Louisiana and northern Idaho being exceptions.

    • @[email protected]
      link
      fedilink
      41 year ago

      There are plenty of French-sounding place names that are due to francophones, e.g., Vermont was part of New France… but most “ville” suffixed towns have nothing to do with Frsnce, to your point.

      In fact I think you’d be hard pressed to find 19th century Americans (or 21st, for that matter) that recognized ville as a particularly French suffix at all.

      • QuinceDaPence
        link
        fedilink
        21 year ago

        Yeah, even though I know it’s French inspired, in practice it’s no different than the -ton suffix, or -berry/-bury, -boro, -burg, or adding “City” at the end.

        • @[email protected]
          link
          fedilink
          51 year ago

          I think it may have been more deliberately pro-French, since it only started after the Revolutionary War (e.g., Louisville was named for King Louis XVI in 1780 specifically in thanks, which may have created a bit of a template).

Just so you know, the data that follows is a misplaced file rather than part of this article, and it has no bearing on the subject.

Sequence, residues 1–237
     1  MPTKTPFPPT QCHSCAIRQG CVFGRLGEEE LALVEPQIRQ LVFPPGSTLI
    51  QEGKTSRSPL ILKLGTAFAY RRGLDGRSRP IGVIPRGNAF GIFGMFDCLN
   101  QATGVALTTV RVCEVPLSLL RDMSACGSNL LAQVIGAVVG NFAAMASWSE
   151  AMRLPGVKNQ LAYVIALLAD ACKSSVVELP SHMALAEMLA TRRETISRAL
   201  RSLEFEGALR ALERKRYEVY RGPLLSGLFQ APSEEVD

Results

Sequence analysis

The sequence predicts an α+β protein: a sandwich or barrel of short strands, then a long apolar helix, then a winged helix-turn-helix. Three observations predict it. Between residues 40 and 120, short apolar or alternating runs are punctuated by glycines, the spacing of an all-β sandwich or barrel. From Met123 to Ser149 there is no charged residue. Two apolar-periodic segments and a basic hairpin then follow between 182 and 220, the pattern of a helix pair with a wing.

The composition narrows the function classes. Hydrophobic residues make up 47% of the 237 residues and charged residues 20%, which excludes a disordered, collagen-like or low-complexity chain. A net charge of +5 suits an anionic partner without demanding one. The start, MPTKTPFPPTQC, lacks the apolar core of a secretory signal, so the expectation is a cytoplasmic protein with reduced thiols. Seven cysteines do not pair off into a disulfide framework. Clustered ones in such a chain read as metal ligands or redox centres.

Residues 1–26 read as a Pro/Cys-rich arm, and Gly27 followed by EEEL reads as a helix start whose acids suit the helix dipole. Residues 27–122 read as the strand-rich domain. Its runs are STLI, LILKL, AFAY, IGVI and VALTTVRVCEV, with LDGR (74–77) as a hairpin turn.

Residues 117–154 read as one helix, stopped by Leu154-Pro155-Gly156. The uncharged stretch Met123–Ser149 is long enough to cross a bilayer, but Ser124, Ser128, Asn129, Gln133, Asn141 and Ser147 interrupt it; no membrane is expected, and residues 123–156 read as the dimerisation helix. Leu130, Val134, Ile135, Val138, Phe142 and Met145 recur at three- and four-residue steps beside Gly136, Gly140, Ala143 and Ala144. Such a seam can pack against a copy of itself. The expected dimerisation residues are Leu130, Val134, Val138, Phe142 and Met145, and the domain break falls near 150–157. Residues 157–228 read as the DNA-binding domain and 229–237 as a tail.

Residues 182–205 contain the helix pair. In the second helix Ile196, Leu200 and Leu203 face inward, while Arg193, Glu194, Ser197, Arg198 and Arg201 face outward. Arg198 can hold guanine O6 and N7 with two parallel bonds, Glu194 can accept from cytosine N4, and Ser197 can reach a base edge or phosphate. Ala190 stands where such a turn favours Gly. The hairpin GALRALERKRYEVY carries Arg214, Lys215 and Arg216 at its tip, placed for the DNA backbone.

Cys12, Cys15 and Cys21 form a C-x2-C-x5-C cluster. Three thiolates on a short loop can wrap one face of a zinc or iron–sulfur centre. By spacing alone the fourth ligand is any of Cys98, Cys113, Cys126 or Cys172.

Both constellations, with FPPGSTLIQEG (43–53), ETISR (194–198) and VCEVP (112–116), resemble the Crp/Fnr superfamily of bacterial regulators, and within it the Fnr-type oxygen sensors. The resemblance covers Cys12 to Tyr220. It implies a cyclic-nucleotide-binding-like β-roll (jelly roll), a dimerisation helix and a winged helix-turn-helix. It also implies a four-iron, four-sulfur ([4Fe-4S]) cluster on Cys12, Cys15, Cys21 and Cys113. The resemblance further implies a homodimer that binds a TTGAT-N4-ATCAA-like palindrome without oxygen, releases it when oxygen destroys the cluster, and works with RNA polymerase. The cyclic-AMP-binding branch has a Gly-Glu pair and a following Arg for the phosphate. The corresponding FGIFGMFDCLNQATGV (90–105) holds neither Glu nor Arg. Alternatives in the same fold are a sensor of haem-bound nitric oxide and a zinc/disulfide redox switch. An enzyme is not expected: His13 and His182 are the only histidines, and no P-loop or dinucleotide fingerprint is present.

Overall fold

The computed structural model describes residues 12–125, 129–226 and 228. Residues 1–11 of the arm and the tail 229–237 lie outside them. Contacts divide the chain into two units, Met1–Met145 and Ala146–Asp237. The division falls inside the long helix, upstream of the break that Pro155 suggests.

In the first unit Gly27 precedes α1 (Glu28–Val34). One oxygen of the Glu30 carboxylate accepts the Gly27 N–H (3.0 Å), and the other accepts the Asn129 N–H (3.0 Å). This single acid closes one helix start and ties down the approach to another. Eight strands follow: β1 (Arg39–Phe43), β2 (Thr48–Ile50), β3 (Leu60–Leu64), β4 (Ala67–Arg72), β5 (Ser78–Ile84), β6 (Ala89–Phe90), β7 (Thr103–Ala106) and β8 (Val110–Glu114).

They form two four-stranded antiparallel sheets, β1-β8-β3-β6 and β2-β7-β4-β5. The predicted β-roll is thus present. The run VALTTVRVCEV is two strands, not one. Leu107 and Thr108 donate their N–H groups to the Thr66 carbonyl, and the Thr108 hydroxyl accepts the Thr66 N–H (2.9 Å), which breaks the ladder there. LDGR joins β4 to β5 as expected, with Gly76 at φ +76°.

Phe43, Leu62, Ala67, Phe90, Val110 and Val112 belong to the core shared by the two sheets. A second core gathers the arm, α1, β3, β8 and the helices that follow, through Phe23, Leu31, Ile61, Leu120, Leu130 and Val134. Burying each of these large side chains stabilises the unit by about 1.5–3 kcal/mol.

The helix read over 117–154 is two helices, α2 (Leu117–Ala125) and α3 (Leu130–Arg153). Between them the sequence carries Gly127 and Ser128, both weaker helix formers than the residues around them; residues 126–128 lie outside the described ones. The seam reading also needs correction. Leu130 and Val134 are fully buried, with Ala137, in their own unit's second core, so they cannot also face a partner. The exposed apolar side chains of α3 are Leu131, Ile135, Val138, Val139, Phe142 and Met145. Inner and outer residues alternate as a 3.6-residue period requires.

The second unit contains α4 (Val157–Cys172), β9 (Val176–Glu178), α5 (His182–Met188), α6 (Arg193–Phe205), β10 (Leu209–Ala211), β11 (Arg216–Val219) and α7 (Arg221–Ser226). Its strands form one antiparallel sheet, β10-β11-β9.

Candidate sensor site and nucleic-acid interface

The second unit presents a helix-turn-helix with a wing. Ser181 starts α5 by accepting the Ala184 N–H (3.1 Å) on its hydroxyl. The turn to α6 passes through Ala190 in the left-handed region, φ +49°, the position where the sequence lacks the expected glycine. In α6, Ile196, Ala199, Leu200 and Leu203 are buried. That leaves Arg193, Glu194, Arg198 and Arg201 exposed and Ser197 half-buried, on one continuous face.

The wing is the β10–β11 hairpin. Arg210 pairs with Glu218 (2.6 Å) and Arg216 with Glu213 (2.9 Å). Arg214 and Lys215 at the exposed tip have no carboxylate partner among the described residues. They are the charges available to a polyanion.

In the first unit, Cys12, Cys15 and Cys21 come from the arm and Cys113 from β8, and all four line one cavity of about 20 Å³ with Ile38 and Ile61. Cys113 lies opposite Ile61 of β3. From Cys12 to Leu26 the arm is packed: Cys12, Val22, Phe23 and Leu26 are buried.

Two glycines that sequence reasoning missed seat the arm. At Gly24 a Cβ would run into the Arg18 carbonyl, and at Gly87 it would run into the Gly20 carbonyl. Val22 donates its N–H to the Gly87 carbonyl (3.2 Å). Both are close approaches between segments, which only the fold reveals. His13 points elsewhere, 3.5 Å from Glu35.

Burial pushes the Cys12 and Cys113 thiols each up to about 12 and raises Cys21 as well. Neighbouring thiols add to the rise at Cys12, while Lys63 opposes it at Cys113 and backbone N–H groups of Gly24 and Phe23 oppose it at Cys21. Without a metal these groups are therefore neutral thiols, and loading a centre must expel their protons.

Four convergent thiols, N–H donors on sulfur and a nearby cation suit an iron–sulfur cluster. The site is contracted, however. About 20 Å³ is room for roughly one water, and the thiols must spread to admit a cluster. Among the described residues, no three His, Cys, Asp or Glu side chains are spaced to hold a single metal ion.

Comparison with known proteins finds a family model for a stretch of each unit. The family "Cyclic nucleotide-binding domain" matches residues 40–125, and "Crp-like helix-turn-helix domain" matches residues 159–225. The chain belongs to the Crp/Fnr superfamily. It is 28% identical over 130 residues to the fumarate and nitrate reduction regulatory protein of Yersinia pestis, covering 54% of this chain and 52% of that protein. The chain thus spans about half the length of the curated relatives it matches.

• chuso
    link
    fedilink
    21 year ago

    It’s interesting that you say that while using a French word like “cliché”. Maybe it was intentional from you? :-D
    And maybe reducing not having a strong French influence to not having a wine/bread/cheese culture is, you know, reductionist?

    • curiosityLynx
      link
      fedilink
      41 year ago

      It is notable though that you have lots of Americans which claim Italian, German, Irish etc. descent, but in comparison basically nobody outside of Louisiana claims French descent.

      • @[email protected]
        link
        fedilink
        31 year ago

        I think someone said it above but that’s probably because there were less French immigrants in the 19th century compared to Italian, German, and Irish. Italy and Ireland had famines and Germany had a revolution in the 19th century which led to lots of immigrants to the US. Many (maybe most) French immigrants were much earlier which may have led to decendents feeling fully American versus calling upon a more recent immigrant identity.

        Anecdotally, I know a guy of French descent whose family had settled an area (forget where now) before the US existed. They chose to join the US (voted for their state to join the union) and felt fully American. It’s possible that many more older French settlers felt the same.